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Infinite City

by Will Walker


This one dreams of a flower

whose petals are steeped in purple

and burgundy and rose and deep silence,

the kind that settles on a mountaintop


after the hikers arrive, chatting and pissing,

sneezing in the light breeze, then tramp on

as though there were someplace else to be.


Next door, a dreamer threshes wheat,

and her neighbor ten feet up, straight through her ceiling,

works with his grandfather's stamp book,


long since gone—but in this dream the trout

in the rocky stream swims easily out of the frame

of its commemorative and glides into the next square,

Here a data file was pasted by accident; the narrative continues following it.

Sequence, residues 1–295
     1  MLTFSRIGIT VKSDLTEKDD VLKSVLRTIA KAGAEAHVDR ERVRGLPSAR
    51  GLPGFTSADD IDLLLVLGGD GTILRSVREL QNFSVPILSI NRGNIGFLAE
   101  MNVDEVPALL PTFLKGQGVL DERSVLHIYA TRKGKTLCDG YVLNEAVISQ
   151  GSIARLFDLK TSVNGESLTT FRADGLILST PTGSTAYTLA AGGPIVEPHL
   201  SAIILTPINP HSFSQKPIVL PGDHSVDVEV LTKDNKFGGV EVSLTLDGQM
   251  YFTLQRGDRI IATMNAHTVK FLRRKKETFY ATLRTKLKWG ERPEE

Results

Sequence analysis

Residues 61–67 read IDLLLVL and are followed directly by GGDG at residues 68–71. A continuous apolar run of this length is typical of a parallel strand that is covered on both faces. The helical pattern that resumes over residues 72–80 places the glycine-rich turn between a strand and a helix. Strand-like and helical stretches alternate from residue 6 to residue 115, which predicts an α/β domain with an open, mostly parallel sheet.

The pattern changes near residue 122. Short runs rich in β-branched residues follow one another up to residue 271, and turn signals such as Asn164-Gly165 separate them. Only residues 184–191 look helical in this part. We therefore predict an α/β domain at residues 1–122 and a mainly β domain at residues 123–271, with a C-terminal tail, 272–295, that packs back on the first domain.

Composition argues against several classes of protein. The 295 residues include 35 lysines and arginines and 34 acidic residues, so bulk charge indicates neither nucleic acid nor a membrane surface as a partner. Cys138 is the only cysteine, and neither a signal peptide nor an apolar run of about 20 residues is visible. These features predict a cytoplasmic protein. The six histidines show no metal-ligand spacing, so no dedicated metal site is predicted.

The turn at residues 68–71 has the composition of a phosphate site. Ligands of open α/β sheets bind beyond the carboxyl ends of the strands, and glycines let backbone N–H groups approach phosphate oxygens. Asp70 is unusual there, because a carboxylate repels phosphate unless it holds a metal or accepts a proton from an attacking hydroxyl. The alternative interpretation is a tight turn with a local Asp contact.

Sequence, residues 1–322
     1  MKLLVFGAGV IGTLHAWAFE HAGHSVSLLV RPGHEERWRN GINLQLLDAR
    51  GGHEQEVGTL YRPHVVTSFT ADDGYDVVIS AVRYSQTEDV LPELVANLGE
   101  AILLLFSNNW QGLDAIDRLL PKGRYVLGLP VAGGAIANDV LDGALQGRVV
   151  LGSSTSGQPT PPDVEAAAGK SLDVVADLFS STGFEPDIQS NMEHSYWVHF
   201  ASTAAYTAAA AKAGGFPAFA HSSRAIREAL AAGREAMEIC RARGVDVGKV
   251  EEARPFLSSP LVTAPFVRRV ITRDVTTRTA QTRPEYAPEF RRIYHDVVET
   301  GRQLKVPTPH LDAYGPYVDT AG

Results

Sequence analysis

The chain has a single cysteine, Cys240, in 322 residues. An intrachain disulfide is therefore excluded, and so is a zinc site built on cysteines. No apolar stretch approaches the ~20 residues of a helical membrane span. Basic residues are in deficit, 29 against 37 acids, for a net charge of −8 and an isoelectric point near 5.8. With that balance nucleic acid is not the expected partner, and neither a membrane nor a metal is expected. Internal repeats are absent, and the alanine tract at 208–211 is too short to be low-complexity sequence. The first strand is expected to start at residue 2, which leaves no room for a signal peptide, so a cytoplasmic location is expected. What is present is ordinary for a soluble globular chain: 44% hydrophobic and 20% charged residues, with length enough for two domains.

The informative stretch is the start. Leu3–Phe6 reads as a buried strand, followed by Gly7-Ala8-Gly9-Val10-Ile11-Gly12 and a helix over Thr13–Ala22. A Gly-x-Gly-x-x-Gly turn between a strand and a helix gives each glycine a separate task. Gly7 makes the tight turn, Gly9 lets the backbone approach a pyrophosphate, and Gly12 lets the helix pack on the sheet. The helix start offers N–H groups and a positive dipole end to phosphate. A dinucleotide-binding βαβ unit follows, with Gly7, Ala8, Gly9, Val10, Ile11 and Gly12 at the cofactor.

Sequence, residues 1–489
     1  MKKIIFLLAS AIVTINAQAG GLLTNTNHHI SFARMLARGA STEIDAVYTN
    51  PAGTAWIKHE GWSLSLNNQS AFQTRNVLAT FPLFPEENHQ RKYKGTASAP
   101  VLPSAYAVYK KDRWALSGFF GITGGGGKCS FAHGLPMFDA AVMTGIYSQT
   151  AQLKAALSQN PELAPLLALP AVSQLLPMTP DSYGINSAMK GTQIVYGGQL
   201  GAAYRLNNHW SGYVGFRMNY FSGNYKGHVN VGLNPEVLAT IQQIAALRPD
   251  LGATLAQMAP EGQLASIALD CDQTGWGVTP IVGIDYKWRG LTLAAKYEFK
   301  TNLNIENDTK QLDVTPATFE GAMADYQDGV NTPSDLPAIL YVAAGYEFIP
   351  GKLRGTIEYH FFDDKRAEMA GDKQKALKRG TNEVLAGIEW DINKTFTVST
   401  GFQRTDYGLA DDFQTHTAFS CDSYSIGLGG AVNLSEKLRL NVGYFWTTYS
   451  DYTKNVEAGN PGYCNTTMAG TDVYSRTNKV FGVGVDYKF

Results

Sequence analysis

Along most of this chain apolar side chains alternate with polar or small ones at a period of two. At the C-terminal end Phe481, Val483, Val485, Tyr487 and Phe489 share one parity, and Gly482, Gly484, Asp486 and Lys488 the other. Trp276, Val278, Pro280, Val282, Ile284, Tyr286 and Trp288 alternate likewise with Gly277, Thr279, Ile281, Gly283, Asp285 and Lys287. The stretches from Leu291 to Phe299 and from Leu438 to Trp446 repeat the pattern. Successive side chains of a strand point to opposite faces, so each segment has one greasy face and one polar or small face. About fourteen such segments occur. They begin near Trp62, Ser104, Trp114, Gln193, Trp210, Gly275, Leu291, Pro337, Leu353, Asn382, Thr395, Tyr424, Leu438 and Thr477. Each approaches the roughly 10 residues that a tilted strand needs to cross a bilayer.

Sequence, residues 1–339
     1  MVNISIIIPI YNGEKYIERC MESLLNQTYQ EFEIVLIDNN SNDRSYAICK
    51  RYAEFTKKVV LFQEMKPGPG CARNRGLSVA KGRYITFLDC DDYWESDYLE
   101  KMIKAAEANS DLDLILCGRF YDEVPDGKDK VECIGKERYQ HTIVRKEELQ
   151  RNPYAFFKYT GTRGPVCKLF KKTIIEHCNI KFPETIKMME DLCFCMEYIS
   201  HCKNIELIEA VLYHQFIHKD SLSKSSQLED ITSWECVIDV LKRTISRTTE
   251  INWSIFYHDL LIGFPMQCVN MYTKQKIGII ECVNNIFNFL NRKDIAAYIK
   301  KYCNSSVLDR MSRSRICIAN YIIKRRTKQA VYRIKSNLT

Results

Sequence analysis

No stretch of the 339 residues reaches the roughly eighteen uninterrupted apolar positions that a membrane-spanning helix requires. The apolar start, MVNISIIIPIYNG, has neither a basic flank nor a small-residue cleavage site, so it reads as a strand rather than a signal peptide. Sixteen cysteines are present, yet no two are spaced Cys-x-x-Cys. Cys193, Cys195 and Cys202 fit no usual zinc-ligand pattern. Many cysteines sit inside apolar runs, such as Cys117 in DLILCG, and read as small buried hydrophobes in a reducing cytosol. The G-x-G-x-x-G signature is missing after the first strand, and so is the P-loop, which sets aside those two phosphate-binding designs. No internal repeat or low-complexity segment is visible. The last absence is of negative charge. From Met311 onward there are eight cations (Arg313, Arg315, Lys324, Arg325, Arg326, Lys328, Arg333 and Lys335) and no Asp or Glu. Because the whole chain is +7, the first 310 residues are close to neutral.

which happens to be Notre Dame—and then moves on


to Lascaux and floats among the bulls, forever frozen

in cavorting. Across the street the boy who's fallen asleep

with his baseball glove sees a fat pitch and swings

so hard he falls into the gigantic popcorn bin behind first base.


There's such a din of dreams the drunks spilling out

of the bars at 2:00 a.m. can't even wake one sleeper

for their high-pitched serenade to beer and more beer.


Even the dogs are busy dreaming, but they won't ever

tell us what. After midnight, they join their ancestors

high on the overlooking hills, in the busy moonlight,

howling as if dawn will never come.